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Published On: Sun, Sep 27th, 2020

Too many drugs: polypharmacy alarming trend at Mental Health Foundation

CAY HILL — Administering two and often more drugs at the same time has been the rule rather than the exception at the Mental Health Foundation for many years. Many patients are given a cocktail of medication. This is called polypharmacy or poly-medication. Last year, this changed with the arrival of two BIG-registered doctors, but only for the group of patients under their supervision.

Philipsburg Pharmacy, which supplies medication to the Mental Health Foundation, has been receiving requests from the institution in Cay Hill for more than a year now to order other, new types of medication. These include antipsychotic drugs that do not cause or promote diabetes and heart disease and can be given once every three months instead of injections every 2-4 weeks. At StMaartenNews.com, we discovered that two of the three new doctors have drastically reduced the use of medicines.

Polypharmacy makes it impossible to know which med(s) work and which don’t and which meds cause which side effects. It also causes unnecessary side effects and interactions, which can be prevented by treating the patients with the least amount of medicine in the lowest effective dose. One of the ethical code psychiatrists have to abide by is ‘Do not harm’.

For instance, haloperidol, a drug that has been administered to MHF patients for years, orally and by injection, can cause difficulty swallowing, muscle spasms, shaking (tremor), mental/mood changes (such as restlessness, confusion), thrombosis, and interrupted breathing during sleep. Olanzapine, another drug commonly prescribed in combination with haloperidol, can cause significant weight gain and may make blood sugar rise, which can cause or worsen diabetes and heart disease.

All antipsychotic drugs that treat schizophrenia, bipolar disorder, and other mental health conditions can cause neuroleptic malignant syndrome (NMS). This is a rare but severe reaction that affects the nervous system and causes symptoms like high fever and muscle stiffness. In addition to haloperidol, the drugs Chlorpromazine (Thorazine), Fluphenazine (Prolixin), Loxapine (Loxitane), Perphenazine (Etrafon) and Thioridazine (Mellaril) can also cause NMS. Of these, Fluphenazine and Haloperidol are most likely to cause it. NMS requires immediate medical intervention from a doctor.

Polypharmacy can lead to overdose and even death, accidentally or in suicide attempts, especially if the prescribed drugs are combined with other unprescribed drugs. Several sources report that the Mental Health Foundation has insufficient supervision of the administration of medication. The filing system on the computer is not always up to date with the actual medicine the patient is using, or the information is plainly not available on the new system. Therefore what, in what quantities, and with what frequency the patient should get the medicine, is not shown.

In addition to doctors and nurses, all staff also have access to the room with the medicine supply, which is not stored under lock and key. There is no registration if someone removes medication, only documented what is given to patients. Antipsychotic drugs often prescribed to treat schizophrenia can increase the risk of heart attack and irregular heartbeat. Before receiving medication, the patient should be physically examined to exclude heart and lung abnormality, anemia, and infection. Routine lab tests to determine normal liver and kidney function and to exclude, i.e., cardiovascular risk factors, pregnancy, infection, and drug abuse, need to be requested. Some medicines require knowledge of a family history of heart disease and allergies.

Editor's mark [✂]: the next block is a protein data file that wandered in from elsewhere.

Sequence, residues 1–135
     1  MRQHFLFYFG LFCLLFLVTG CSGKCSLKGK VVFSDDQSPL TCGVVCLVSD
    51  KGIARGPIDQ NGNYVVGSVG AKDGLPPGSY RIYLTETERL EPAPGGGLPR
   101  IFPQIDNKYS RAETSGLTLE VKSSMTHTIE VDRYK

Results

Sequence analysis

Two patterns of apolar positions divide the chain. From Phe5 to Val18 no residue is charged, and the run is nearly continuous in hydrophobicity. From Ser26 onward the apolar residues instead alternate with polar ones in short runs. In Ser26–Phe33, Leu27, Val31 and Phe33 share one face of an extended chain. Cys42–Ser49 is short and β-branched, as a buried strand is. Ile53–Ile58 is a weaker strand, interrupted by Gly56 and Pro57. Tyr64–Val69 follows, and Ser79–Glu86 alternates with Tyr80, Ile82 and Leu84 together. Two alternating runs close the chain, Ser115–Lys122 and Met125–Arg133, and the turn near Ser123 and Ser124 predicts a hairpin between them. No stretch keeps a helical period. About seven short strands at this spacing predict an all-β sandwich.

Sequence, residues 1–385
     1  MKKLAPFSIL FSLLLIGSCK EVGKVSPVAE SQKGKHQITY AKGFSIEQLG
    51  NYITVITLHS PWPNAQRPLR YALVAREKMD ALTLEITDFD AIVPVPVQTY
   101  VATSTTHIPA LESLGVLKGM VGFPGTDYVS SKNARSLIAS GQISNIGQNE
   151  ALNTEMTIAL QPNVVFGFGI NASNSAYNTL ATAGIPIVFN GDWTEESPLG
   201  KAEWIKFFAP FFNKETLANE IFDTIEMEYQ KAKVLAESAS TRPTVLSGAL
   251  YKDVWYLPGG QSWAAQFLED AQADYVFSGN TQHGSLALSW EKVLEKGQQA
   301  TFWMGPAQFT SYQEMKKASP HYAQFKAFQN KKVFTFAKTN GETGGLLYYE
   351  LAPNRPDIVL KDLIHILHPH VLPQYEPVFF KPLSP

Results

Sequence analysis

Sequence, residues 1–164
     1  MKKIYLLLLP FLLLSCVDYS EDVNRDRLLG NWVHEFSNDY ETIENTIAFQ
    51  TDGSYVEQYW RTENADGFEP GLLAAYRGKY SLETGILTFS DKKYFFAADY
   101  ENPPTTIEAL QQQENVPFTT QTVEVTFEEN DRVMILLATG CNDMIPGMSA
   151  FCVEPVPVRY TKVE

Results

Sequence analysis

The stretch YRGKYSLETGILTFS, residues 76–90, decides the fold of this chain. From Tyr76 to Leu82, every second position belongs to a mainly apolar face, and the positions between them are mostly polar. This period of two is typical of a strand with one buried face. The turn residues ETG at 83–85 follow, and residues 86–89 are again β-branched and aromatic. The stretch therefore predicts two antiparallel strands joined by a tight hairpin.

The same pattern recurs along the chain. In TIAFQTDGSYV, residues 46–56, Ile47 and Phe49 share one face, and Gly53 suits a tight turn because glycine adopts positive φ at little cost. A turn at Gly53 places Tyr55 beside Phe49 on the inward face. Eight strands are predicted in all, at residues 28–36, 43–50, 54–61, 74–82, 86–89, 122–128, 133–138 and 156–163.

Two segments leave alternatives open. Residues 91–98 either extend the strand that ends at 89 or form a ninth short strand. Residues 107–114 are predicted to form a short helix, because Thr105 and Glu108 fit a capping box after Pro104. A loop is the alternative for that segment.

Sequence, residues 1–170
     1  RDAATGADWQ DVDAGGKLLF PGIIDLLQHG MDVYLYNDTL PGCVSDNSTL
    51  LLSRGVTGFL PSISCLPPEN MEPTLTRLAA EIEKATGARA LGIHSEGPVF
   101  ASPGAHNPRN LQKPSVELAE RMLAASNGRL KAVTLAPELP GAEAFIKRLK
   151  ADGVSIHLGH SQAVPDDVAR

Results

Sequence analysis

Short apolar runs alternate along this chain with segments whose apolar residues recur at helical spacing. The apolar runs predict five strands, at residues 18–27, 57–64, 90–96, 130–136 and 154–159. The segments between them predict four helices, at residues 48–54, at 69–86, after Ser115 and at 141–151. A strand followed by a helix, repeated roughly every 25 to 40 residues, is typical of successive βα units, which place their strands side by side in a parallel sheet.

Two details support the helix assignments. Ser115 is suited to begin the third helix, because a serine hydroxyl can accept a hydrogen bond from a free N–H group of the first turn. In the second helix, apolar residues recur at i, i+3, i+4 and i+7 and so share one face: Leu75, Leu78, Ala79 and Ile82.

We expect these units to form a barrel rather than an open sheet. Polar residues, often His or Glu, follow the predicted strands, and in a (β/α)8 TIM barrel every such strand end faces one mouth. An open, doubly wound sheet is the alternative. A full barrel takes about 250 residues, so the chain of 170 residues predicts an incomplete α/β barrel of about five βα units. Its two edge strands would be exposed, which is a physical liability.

According to BIG standards, an examination and blood test must be carried out before a patient is admitted for treatment. Sometimes an ECG is also indicated. Reportedly, both the physical examination and the lab tests are often neglected at the Mental Health Foundation. Apparently, for many years patients have been prescribed a cocktail of medications intended for people with severe schizophrenia.

In July last year, interim director Eileen Healy of the MHF sent out a press release, headlining: “Two doctors depart Mental Health Foundation to develop their skills.” It read: “Dr. Gandotra and Dr. Kour, who commemorated eight years of services to the Mental Health Foundation (MHF), have decided to further develop their skills in the United Kingdom.” Dr. Jatinder Kour left for the UK in October 2018; her husband followed her in July 2019.

Three weeks before the press release was sent out, Eileen Healy gave an interview to Caribbean Network about the challenges with psychiatric care for detainees in prison. The need for an adequate response from the MHF became clear this week with the release of a psychiatric patient from prison who then ended up naked in Cannegieter Street in Philipsburg and became the object of a meme on social media. Healy explained last year to Caribbean Network: “The problem is that there is no forensic institute on St. Maarten, not even in prison. From next month we have no psychiatrists at our disposal. We have employed two psychiatrists from India for nine years, but the government has decided that we can only work with BIG registrants.”

Four months later, Healy again hired a psychiatrist whose name is not in the BIG register and introduced her as the new upcoming interim director of the Mental Health Foundation. This doctor, Kitty Pelswijk, ordered her bipolar patient Caulette Julien to be put in solitary confinement at MHF. Three weeks later, the 43-year old woman was found dead in the isolation cell.

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